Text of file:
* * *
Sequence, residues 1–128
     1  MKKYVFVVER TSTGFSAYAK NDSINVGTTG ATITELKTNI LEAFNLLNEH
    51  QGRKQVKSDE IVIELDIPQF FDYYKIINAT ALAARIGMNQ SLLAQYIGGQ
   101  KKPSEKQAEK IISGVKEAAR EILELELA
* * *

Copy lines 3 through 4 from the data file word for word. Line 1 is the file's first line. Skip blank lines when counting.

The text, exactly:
    51  QGRKQVKSDE IVIELDIPQF FDYYKIINAT ALAARIGMNQ SLLAQYIGGQ
   101  KKPSEKQAEK IISGVKEAAR EILELELA